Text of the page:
Some former White House denizens have despised their successors so much, they sought to oust them—even when the successor was their hand-picked choice. Teddy Roosevelt handed off the presidency to William Howard Taft, his secretary of war, in 1909, only to run against him in 1912. (That would be like George W. Bush coming back to campaign against John McCain in 2012, if McCain had won in 2008.) Roosevelt had soured on Taft, who he saw leading the GOP in a conservative direction. Roosevelt thus formed the progressive Bull Moose Party and ended up winning more votes than Taft—27 percent to Taft's 24 percent—thereby swinging the election to Democrat Woodrow Wilson. "Roosevelt was my closest friend," Taft tearfully recalled, according to a reporter's account.
Jimmy Carter bears the mantle for most critical ex-White Houser of modern times. (A title he may soon share with Cheney.) From peanut farmer to peanut gallery, Carter has systematically undermined every president since leaving office. Soon after losing to Ronald Reagan, Carter criticized him for not actively pursuing the Camp David agreements between Israel and Egypt, over which Carter had presided. In 1987, both Carter and former president Ford condemned Reagan for his handling of the Iran-Contra affair. In 1990, Carter publicly opposed George H.W. Bush's decision to use force against Iraq and personally urged United Nations member states not to authorize military action. Carter irked Bill Clinton before Clinton was even president: Clinton partly blames Carter for his failed gubernatorial re-election bid in 1980, after Carter decided to house 20,000 Cuban refugees at an Arkansas military installation. Both Carter and Bush spoke out against Clinton during the Monica Lewinsky affair. And during the 2008 election, Carter declared that Clinton had "hurt his wife's candidacy." He saved his choicest words, however, for George W. Bush, whose administration Carter called the "worst in history."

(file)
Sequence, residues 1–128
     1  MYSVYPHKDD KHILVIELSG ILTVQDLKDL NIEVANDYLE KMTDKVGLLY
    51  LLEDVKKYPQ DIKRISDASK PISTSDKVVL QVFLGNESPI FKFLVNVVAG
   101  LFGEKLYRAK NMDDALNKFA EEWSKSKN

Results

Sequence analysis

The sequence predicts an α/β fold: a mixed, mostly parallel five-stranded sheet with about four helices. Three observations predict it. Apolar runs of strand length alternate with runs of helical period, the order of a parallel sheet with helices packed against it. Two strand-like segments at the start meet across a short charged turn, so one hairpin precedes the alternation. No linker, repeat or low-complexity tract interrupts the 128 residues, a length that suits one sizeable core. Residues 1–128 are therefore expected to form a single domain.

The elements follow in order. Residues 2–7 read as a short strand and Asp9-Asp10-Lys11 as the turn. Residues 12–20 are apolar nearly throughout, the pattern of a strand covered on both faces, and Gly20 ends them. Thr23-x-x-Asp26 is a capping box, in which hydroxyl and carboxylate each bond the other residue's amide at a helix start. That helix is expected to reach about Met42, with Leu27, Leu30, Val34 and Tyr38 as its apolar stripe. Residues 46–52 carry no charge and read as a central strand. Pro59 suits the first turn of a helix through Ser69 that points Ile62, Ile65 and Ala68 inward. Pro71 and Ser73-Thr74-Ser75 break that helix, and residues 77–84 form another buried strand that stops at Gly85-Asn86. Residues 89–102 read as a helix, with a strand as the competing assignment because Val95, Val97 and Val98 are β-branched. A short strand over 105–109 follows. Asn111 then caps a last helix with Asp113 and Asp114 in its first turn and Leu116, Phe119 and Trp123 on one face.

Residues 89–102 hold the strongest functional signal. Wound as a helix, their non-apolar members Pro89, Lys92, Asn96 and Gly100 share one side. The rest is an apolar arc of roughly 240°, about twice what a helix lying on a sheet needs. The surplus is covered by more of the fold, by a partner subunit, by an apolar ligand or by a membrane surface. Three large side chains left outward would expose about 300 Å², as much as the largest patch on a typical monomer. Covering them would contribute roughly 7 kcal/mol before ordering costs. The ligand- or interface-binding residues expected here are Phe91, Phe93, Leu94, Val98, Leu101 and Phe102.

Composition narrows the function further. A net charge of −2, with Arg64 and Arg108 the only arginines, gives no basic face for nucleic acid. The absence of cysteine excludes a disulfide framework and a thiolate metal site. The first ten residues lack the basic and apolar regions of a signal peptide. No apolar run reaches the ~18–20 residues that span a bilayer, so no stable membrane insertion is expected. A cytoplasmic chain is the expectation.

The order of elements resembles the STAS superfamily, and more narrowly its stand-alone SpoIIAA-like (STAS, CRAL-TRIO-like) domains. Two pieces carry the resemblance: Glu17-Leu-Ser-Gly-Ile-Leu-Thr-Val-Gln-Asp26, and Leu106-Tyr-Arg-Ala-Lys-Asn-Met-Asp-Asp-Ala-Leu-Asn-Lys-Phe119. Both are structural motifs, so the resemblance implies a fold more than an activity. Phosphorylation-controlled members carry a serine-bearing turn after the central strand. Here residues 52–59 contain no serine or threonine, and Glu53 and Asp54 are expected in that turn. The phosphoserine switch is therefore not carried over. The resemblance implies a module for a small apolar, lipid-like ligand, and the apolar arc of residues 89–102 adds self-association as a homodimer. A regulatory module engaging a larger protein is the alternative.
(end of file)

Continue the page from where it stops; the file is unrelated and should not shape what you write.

Vice presidents have been just as critical of their successor administrations—maybe even more so. Richard Nixon slammed President Johnson over Vietnam in the 1960s, only to mire himself further while in the Oval Office. FDR's vice president, Henry Wallace, was so critical of Harry Truman that he ran against him on the Progressive Party ticket in 1948. Former veep Walter Mondale spoke out against Reagan before challenging him for the presidency in 1984. Al Gore kept mum on Bush for seven years before penning an entire book ripping into him. Indeed, carping is often seen as part of the job of ex-vice presidents—after all, they may have presidential ambitions of their own.
Which is what makes Cheney's bomb-throwing so confusing for many. It would be one thing if he wanted to be president, the thinking goes. But since he doesn't, he should keep quiet and be a "statesman." The lack of presidential ambition (unless there's something he's not telling us) leaves two possible motivations: A desire to preserve his own legacy and good-old-fashioned conviction. Given the tone and content of his statements—for example, he insists that water-boarding is not torture—many Democrats find this last explanation the most disturbing of all.
But the fact is, completely statesmanlike behavior is the exception more than the rule. Few modern ex-presidents and ex-veeps have kept entirely silent. Johnson didn't talk much. George H.W. Bush mostly kept his thoughts to himself. And George W. Bush, perhaps the most criticized president in history, has been the epitome of post-presidential rectitude. His restraint may be the strongest sign that, after eight years, Cheney is no longer calling the shots.